• His kids like to help him collect the swarms. That's his son on the right below (resplendent in mini bee keeper attire).
Father and son

Tim has very kindly answered every question that came in as part of the competition because he's a good man like that.

Here are just a few of his answers to some of the questions we had through:

Aren't you worried the bees will sting you? (Teresa Hill)

Whenever I get stung, it's because I did something that I shouldn't have so I'm more annoyed with myself for not noticing it. For example, going to move part of the beehive and not realising I have a bee caught in the fold of my glove. If I frightened the bee by trapping it in my glove then I deserve to be stung. Still hurts though.

Does the smoke used to help pacify the bees have any effect on humans? (Elaine Miller)

Yes. It's makes my eyes water for a start. I burn rotten wood but other beekeepers burn cardboard, old sacking or special old tobacco. The smoke causes the bees to think their hive is going to burn down so they may need to leave in a hurry. Seeing as they don't have any luggage, they fill their mouths with honey and nectar. Then they get a bit sleepy (like we all do after a big meal) and can't be bothered to move. Which means I can get to the honey more easily.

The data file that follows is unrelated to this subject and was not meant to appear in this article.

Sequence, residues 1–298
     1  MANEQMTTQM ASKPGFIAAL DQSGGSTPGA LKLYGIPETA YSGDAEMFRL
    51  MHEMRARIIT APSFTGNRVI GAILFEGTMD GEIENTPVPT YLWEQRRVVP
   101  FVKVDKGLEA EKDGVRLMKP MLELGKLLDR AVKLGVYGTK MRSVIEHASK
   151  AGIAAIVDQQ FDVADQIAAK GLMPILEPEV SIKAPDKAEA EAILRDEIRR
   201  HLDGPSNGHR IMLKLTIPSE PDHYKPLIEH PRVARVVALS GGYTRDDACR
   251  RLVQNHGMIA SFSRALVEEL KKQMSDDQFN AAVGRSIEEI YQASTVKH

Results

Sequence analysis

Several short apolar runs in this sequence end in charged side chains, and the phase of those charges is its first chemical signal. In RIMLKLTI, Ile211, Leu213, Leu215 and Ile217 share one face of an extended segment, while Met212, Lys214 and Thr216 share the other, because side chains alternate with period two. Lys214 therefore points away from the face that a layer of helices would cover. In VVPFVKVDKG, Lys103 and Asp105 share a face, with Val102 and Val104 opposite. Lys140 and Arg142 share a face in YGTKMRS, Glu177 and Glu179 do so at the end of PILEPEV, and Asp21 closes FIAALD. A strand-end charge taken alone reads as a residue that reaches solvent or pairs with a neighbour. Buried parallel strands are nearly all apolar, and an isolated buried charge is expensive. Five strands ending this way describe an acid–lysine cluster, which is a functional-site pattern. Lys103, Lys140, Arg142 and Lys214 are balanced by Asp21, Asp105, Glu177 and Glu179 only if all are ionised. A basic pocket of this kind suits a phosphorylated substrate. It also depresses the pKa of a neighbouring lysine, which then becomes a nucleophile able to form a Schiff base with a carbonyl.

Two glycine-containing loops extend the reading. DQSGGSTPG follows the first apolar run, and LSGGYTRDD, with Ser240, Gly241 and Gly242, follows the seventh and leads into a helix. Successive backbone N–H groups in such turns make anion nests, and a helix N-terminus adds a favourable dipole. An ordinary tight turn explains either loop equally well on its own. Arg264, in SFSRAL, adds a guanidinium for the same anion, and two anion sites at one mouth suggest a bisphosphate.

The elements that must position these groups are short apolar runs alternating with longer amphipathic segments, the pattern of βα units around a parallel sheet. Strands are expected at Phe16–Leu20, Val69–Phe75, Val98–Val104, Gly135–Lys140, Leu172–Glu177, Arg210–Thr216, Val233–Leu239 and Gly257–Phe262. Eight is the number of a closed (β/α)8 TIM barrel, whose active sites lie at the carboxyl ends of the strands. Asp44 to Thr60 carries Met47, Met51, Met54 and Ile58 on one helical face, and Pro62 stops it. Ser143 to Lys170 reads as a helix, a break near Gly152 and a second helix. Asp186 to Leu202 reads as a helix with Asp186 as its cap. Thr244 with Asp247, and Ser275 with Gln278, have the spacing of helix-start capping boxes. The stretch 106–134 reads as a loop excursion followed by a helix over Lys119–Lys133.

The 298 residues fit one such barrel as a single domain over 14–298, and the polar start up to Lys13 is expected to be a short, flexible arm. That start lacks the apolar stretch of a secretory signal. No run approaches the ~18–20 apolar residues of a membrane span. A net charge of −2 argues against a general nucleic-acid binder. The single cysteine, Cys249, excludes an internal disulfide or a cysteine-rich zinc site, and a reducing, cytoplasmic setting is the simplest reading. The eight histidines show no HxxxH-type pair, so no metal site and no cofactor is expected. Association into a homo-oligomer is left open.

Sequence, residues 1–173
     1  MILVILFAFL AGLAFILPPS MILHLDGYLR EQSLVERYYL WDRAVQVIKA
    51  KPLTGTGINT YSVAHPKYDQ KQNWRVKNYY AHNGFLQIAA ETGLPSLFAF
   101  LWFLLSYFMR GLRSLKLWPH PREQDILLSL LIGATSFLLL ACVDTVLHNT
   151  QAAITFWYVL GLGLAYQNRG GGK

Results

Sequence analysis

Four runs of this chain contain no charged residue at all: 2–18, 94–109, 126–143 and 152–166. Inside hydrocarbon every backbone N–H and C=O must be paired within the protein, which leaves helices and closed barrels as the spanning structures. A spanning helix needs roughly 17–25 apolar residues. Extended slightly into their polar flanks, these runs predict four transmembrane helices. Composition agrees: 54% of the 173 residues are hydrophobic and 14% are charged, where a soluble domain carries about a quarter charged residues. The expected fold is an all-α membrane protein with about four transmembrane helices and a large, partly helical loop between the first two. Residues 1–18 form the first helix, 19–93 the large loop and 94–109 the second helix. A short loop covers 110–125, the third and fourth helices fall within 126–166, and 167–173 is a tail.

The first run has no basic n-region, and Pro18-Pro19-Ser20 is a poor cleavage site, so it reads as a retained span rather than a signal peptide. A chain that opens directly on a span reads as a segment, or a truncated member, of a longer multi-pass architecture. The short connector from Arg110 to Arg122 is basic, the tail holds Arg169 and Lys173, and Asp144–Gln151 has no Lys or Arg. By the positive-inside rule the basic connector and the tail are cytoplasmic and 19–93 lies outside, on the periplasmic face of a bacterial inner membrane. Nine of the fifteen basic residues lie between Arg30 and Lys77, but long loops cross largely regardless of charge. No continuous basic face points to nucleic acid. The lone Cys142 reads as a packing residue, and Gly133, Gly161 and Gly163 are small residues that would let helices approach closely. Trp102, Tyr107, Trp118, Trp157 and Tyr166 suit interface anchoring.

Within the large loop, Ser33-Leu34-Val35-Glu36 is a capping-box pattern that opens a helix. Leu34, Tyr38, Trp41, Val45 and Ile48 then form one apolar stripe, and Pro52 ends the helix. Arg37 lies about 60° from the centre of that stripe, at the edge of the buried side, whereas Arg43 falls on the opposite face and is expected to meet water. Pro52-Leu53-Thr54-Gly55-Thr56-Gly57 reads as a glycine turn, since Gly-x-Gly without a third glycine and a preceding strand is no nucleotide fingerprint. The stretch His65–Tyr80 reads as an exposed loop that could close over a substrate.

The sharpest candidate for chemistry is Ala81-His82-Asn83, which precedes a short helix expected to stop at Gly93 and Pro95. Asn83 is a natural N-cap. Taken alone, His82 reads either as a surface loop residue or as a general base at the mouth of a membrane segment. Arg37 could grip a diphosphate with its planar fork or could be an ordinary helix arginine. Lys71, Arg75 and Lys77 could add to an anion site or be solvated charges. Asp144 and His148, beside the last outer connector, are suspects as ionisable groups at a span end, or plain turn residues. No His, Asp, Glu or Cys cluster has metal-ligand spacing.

Is it true that honey is made by bees regurgitating nectar? (Bronwyn Cannon)

Well seeing as they haven't got any baskets to carry in, yes it is.

For the rest of Tim's answers, check out the comments below.

P.S. If you still haven't tried our lemon, honey and ginger recipe, then you haven't got long left before our next special guest recipe hits the shelves.

So bee quick and get down the shops quick smart.

(pun shamelessly stolen from Ben W)

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roaming around

Picture1

If you like rural things but live in a big urban thing (London) you should keep an eye out for Roam, a traveling ex-mobile Library that's working its way through East London's parks and green places right now. Part gig venue, part library, part a lecture theatre, part nature disco, part reading room, part meeting point, all depending where it stops. I went down last Friday to see Adem (who played at out innocent village fete a couple of year ago) play the guitar and use the side of the bus as a drum kit. Very good. There's still plenty more Roaming to come.

Picture2